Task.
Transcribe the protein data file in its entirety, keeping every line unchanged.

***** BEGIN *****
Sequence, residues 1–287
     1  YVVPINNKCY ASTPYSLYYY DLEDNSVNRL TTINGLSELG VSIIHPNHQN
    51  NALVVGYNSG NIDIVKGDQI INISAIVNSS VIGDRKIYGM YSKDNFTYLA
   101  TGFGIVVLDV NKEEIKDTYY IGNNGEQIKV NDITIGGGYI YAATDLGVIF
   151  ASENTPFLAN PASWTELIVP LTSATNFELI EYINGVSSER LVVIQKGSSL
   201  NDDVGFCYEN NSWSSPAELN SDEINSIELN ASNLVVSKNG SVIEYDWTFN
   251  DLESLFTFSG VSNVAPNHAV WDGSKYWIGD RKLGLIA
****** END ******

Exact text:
Sequence, residues 1–287
     1  YVVPINNKCY ASTPYSLYYY DLEDNSVNRL TTINGLSELG VSIIHPNHQN
    51  NALVVGYNSG NIDIVKGDQI INISAIVNSS VIGDRKIYGM YSKDNFTYLA
   101  TGFGIVVLDV NKEEIKDTYY IGNNGEQIKV NDITIGGGYI YAATDLGVIF
   151  ASENTPFLAN PASWTELIVP LTSATNFELI EYINGVSSER LVVIQKGSSL
   201  NDDVGFCYEN NSWSSPAELN SDEINSIELN ASNLVVSKNG SVIEYDWTFN
   251  DLESLFTFSG VSNVAPNHAV WDGSKYWIGD RKLGLIA